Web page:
NASA's Webb Telescope Looks Back In Time To Capture A Galaxy 5.6 Billion Light-Years Away

jwst early universe
NASA's James Webb Space Telescope (JWST) reached far back into the universe's past, and captured a galaxy whose light took 13.3 billion years to reach Earth. When MACS0647-JD was first discovered in 2012, it set a new distance record for finding the farthest galaxy seen in the universe at that time.

Astronomers have been having a field day since Webb was made fully operational by NASA, due to all the amazing images and data it has been sending back to Earth. The telescope was designed to be able to detect faint infrared light from extremely distant galaxies, in order to give more insight into the early universe. Now, one of the most recent photos taken by JWST takes astronomers 5.6 billion light-years from Earth, to a galaxy far, far away.

MACS0647-JD was first spotted 10 years ago with the aid of the Hubble telescope, but at that time it only appeared as a pale, red dot, according to Dan Coe, who helped discover the galaxy. He remarked, "We could tell it was really small, just a tiny galaxy in the first 400 million years of the universe. Now we look with Webb, and we're able to resolve TWO objects!" Coe is helping to determine if those two objects are galaxies, or two clumps of stars within a galaxy.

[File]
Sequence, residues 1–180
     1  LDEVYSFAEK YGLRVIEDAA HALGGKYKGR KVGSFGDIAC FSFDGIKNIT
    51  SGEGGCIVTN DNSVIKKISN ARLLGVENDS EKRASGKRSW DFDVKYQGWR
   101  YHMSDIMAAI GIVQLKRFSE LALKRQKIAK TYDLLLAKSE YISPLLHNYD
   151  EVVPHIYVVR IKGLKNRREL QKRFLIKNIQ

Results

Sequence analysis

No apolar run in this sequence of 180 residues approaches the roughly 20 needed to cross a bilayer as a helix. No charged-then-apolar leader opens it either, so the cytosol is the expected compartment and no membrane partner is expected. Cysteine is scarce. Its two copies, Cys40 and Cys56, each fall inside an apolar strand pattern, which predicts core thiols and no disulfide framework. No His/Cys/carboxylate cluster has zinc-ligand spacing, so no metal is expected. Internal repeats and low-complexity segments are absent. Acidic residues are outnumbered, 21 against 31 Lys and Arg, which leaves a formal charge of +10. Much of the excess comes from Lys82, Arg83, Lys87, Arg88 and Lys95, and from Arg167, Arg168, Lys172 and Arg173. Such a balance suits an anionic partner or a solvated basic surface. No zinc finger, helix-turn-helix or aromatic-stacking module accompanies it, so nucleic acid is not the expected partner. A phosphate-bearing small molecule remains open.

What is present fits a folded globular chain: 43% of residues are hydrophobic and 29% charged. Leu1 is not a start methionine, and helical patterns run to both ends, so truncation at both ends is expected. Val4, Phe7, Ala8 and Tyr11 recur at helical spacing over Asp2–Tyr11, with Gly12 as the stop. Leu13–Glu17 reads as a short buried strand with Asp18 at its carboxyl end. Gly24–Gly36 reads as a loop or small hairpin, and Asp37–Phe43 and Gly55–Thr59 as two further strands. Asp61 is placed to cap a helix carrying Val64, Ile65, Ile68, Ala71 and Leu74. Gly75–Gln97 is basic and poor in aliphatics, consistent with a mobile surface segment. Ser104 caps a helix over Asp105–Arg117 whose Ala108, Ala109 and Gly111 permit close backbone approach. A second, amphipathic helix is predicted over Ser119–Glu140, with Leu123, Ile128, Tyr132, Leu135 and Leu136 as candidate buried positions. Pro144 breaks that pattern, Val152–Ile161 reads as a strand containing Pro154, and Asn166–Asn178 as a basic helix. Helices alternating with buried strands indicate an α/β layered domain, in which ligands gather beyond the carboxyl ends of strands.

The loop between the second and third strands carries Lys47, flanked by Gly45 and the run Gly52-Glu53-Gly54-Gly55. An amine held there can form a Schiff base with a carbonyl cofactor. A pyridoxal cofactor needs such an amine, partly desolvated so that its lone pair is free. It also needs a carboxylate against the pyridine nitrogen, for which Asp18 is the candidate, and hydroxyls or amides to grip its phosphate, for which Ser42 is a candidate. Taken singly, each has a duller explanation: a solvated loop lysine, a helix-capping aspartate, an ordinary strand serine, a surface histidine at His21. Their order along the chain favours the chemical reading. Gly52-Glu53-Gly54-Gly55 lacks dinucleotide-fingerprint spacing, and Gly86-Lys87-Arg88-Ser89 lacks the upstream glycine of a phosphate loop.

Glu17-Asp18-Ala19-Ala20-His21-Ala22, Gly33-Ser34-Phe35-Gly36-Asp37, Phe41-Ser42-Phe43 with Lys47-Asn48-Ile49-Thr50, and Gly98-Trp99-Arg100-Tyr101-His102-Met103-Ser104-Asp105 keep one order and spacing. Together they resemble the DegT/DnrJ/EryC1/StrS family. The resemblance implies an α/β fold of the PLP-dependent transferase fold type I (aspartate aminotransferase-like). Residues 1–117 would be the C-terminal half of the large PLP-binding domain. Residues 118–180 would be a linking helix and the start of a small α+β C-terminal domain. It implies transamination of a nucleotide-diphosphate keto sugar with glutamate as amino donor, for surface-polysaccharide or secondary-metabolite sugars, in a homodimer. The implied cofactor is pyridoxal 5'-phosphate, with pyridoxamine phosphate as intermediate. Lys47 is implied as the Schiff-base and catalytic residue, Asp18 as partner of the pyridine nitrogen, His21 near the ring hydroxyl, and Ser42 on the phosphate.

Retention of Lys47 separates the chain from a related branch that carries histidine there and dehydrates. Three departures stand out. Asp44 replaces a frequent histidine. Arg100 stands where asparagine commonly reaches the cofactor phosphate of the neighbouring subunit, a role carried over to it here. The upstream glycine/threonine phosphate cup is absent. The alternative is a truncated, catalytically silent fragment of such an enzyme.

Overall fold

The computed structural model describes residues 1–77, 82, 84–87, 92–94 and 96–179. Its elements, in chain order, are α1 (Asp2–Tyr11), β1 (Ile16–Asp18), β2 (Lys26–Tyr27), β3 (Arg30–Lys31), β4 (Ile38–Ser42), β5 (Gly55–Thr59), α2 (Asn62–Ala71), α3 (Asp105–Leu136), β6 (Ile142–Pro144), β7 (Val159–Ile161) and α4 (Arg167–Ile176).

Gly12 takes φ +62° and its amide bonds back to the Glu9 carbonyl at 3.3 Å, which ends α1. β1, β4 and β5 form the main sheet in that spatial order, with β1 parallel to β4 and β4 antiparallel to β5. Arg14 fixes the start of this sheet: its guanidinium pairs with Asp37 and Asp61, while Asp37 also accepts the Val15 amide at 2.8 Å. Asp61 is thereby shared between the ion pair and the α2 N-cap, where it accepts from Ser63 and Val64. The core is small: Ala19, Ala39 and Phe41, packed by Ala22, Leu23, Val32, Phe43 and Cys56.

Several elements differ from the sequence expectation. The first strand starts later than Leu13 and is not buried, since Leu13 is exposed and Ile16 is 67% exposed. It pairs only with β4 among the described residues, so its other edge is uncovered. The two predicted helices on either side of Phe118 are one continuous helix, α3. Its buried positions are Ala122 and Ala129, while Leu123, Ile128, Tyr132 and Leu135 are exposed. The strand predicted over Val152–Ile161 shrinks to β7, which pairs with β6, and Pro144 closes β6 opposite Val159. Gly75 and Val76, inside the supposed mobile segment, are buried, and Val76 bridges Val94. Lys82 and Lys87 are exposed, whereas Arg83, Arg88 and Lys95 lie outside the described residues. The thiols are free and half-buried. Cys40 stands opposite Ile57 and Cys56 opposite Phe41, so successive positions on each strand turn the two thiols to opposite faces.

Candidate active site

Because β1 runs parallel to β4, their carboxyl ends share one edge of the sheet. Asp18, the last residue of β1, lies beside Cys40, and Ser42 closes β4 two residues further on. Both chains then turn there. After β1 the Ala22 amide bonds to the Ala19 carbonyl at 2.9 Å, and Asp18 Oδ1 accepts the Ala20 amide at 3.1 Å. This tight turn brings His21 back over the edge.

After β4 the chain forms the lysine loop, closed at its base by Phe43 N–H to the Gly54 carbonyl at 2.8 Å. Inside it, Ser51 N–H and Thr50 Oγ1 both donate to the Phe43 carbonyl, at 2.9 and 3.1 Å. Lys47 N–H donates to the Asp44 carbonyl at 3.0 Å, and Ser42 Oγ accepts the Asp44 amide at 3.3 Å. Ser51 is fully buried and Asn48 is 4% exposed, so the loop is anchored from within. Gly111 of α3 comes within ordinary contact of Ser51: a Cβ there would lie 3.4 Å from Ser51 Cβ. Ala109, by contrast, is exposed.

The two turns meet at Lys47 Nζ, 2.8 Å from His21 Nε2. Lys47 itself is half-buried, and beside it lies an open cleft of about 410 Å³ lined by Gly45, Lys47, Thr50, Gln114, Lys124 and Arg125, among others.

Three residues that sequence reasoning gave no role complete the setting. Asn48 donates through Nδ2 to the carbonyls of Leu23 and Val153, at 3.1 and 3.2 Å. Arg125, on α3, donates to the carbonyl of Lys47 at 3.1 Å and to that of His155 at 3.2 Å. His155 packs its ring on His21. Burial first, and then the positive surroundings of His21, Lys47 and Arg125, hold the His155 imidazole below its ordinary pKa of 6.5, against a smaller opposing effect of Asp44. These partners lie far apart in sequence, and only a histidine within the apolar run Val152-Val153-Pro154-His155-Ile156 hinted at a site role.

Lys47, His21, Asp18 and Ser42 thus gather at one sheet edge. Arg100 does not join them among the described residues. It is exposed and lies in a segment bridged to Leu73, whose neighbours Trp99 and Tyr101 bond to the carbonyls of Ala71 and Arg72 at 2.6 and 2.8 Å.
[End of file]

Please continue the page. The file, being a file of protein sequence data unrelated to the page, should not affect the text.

early galaxy jwst
Hubble image of MACS0647-JD in 2002

Tiger Hsiao, from Johns Hopkins University, pointed out that the colors between the two objects differ in color. He notes that one is bluer, while the other is redder. Hsiao stated, "The blue one actually has very young star formation and almost no dust, but the small, red object has more dust inside, and is older." He goes to suggest that what could be happening is a galaxy merger in the early universe.

Coe adds that because of the gravitational lensing of the mammoth galaxy cluster, it appears three times in the image (shown in the top image as JD1, JD2, and JD3).

Rebecca Larson, a National Science Foundation fellow and a PhD graduate student at the University of Texas at Austin, described her favorite part of looking at Webb images as being when "you look in the background, there are all these little dots - and those dots are galaxies!" She added that the Webb team has not yet attempted focusing on one spot for a long period of time, therefore images like this are just the beginning.